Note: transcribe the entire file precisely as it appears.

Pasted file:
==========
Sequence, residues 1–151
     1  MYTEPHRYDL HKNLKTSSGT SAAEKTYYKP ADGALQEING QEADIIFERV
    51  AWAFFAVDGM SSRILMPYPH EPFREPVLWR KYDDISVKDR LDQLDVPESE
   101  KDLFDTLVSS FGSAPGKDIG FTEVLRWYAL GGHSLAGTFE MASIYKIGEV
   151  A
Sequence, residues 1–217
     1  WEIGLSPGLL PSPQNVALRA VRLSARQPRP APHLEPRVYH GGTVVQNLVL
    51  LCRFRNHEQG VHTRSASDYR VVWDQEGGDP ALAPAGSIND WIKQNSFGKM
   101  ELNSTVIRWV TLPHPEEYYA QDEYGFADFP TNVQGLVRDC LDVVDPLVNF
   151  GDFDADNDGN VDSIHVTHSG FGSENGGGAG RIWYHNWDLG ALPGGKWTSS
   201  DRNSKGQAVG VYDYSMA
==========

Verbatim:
Sequence, residues 1–151
     1  MYTEPHRYDL HKNLKTSSGT SAAEKTYYKP ADGALQEING QEADIIFERV
    51  AWAFFAVDGM SSRILMPYPH EPFREPVLWR KYDDISVKDR LDQLDVPESE
   101  KDLFDTLVSS FGSAPGKDIG FTEVLRWYAL GGHSLAGTFE MASIYKIGEV
   151  A
Sequence, residues 1–217
     1  WEIGLSPGLL PSPQNVALRA VRLSARQPRP APHLEPRVYH GGTVVQNLVL
    51  LCRFRNHEQG VHTRSASDYR VVWDQEGGDP ALAPAGSIND WIKQNSFGKM
   101  ELNSTVIRWV TLPHPEEYYA QDEYGFADFP TNVQGLVRDC LDVVDPLVNF
   151  GDFDADNDGN VDSIHVTHSG FGSENGGGAG RIWYHNWDLG ALPGGKWTSS
   201  DRNSKGQAVG VYDYSMA